Filler Metals/Electrodes

Increasing Aluminum Weld Strength and Quality

Aluminum is popular in many fabrication applications, but welding the material presents challenges of cracking, porosity and burn-through on thinner sections. Here are some critical insights on how to combat these potential problems. 
Filler Metals/Electrodes: Articles

Weathering Steel: Taking the Guesswork Out of Filler Metal Selection

Weathering steels have small additions copper, nickel and chromium that help improve the corrosion resistance of the steel to atmospheric sources. 
Weathering steel offers excellent resistance to atmospheric corrosion caused by rain, snow or humidity. During the welding process, the filler metal type and the manner in which it is applied determines whether the resulting weld will match corrosion resistance or have the same reddish appearance, more commonly known as color match.

Considerations When Selecting a Filler Metal (Part Two)

Filler metal has a significant impact on the quality, productivity and cost of a welding job, so it’s worthwhile to take the time to make the right selection.
Although the effect of various elements in filler metals can be rather complex, a review of their general properties can also help welding operators determine which filler metal is ideal for the job. It is important to consider the properties needed in a completed weld when making the filler metal selection.

Ways to Get the Most Out of Your MIG Gun Consumables

Nozzles should be cleaned at least every other welding cycle in a robotic welding operation to prevent spatter buildup that can lead to poor gas shielding or cause short-circuiting between the contact tip and nozzle. Heavy-duty consumables are recommended for high-temperature robotic welding applications. If the robotic welding operation calls for a heavy-duty retaining head, pair it with heavy-duty contact tips. Always check the torques of the body tube and end fittings regularly to prevent loose fitting cables that can cause overheating and lead the robotic MIG gun to prematurely fail.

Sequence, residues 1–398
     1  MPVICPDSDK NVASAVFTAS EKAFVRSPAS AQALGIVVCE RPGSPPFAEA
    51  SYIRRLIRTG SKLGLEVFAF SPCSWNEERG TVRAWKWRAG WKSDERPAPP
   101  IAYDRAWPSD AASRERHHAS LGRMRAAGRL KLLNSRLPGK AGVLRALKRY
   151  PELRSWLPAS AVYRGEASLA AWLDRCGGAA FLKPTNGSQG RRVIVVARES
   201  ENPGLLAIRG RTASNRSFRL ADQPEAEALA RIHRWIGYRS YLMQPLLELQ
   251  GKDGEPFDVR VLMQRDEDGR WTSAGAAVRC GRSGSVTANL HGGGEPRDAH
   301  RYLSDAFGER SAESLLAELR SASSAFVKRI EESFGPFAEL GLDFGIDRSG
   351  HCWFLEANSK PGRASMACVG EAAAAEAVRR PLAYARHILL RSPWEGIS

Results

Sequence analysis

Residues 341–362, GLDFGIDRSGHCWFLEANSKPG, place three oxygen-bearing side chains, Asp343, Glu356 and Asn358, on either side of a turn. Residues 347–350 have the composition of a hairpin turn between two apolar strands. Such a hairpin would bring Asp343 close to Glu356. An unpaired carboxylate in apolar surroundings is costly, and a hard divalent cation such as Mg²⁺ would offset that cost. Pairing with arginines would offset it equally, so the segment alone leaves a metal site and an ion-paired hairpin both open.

Here are a few of the best practices that every welding operator should know when it comes to choosing and maintaining nozzles, contact tips, retaining heads and gas diffusers, and cable.

Matching Filler Metals to Stainless Steels

Hardfacing caster roll. Hard martensitic stainless steel is often used in high-wear applications, such as overlays and for building up wear-resistant material, and less for joining. With a high interpass temperature, it’s imperative to reach an accurate preheat temperature and maintain the minimum interpass temperature the entire welding time. If not, there is a risk of cracking.
Welding stainless remains complicated. Besides paying close attention to heating and cooling the stainless, the filler metal must be properly matched to the base metal with electrodes of the same grade. 

Considerations When Selecting a Filler Metal (Part One)

Having the right filler metal for the job can have a significant impact on quality, productivity and cost. Different filler metals provide varying mechanical and chemical properties — but in every case, the welds they create must be able to withstand the service conditions they will encounter.